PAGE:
Chapter 5—Frenzied Feasting, Fear, then Babylon’s Doom
THE prophet Isaiah had foretold some 160 years or so earlier, that one should be raised up to act both as shepherd to Israel and as a scourge to the nations, and also gave his name as Cyrus (Is. 44:28 and 45:1). Thus when the seventy years of Israel’s servitude to Babylon, foretold in Jer. 25:11 neared its close, the overthrow of the world empire, represented by the head of gold in Daniel, ch. 2, must be accomplished, for “the scripture cannot be broken.” How impossible it must have appeared to Jeremiah as he wrote the words of ch. 50 and 51 that Babylon, the mighty conqueror under whose power the nation suffered, would so soon be overthrown, fulfilling the words “Babylon is taken, Bel is put to shame... lo? I will stir up and cause to come up against Babylon an assembly of great nations from the north... I will punish the king of Babylon... as I have punished the king of Assyria” (Jer. 50:2, 9, 18). Furthermore Jeremiah could fill in details concerning the overthrow. “The Lord hath both devised and done that which He spake concerning the inhabitants of Babylon. O thou that dwellest upon the waters, abundant in treasure, thine end is come... Prepare against her the nations, the kings of the Medes... the mighty men of Babylon have forborne to fight... one post shall run to meet another... to show the king of Babylon that his city is taken... the passage (marginal reading, fords) are surprised, and the reeds they have burned with fire and the men of war are affrighted... the wall of Babylon shall fall... I will make drunk her princes and her wise men” (Jer. 51:12, 13; 28:30-32). So wrote Jeremiah at the time when Judah’s last king, Zedekiah, sought vainly to oppose the might of Babylon, (ch. 44:57; 51:59 and 28:1).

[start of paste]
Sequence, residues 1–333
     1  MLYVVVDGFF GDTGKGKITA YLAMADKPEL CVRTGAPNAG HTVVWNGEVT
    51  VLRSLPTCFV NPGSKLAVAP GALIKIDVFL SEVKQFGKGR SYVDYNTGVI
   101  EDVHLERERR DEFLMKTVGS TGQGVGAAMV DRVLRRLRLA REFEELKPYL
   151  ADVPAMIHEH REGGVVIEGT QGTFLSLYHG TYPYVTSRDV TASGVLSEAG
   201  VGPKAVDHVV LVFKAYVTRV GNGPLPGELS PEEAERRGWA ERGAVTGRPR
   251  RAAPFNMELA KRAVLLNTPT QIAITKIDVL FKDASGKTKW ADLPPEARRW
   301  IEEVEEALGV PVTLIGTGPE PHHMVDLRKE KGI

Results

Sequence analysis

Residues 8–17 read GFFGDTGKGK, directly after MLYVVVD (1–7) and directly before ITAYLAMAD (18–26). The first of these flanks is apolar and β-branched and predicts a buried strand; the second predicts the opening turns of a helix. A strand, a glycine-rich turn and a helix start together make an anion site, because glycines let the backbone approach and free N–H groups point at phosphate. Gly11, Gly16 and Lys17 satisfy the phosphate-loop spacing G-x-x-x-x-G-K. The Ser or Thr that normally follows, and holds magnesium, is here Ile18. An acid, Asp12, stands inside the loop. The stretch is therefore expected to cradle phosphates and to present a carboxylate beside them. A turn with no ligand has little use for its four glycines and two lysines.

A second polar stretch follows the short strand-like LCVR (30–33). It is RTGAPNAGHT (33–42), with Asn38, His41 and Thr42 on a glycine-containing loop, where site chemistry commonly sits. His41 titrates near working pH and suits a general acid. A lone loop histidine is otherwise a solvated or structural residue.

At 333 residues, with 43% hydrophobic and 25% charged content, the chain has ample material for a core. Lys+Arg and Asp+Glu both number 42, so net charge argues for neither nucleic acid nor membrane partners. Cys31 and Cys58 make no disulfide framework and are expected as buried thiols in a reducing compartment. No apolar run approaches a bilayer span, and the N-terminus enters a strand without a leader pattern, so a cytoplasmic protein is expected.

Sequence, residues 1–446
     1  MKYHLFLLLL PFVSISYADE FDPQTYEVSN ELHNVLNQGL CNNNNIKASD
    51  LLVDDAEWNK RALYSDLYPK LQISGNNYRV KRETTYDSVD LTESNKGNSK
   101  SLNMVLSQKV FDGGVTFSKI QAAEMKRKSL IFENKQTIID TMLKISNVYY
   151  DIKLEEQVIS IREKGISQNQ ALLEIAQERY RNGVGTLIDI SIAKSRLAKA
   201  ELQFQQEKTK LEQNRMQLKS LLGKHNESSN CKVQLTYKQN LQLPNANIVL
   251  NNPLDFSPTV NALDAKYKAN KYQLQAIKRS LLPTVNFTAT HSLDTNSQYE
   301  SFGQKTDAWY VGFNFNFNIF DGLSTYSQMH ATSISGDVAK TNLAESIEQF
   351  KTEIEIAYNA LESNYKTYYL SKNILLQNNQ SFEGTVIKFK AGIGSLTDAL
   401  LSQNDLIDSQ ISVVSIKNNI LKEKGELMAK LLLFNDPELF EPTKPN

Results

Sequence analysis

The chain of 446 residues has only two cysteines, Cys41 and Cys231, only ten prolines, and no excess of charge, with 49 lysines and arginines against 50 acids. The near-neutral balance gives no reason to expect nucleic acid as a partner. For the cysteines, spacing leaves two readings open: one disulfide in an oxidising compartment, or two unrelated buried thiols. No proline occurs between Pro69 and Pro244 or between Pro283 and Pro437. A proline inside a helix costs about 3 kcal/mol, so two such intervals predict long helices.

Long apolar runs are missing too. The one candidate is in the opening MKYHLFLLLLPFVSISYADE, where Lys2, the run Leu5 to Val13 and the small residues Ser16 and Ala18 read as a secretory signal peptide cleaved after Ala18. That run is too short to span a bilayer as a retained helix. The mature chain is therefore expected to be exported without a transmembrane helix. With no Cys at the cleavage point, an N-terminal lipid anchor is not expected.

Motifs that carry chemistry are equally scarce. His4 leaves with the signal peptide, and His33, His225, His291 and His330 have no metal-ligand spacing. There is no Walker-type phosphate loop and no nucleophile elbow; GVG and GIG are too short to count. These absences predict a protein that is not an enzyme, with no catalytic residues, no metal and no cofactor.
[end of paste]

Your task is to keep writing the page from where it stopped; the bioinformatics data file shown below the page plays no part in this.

In chapter 5 of Daniel, the fulfilment of these prophesied details is recorded. When the king Nebuchadnezzar died, his son Evil-Merodach succeeded him, but this dissolute monarch was very soon murdered by his brother-in-law Neriglassar who then seized the throne. His son Labushi-Marduk who succeeded him was also murdered by conspirators less than a year later, and the throne was taken by Nabonidus who had married a daughter of Nebuchadnezzar, and their son is the Belshazzar who, at the close of the empire, was acting as viceroy or king-regent while his father was absent on a military mission. Ancient historians such as Herodotus (who was present in Babylon shortly after its fall) do not refer to the ruler Belshazzar and therefore earlier critics of the book of Daniel have contested the accuracy, but in 1854 the archaeologist Sir Henry Rawlinson discovered tablets and translated them showing the names of Nabonaid (or Nabonidus) and his son Bil-shar-uzzar. When the Bible differs from any known history, critics always infer history is true, the Bible false. In time, as information becomes available, the Bible is verified and history shown to be deficient.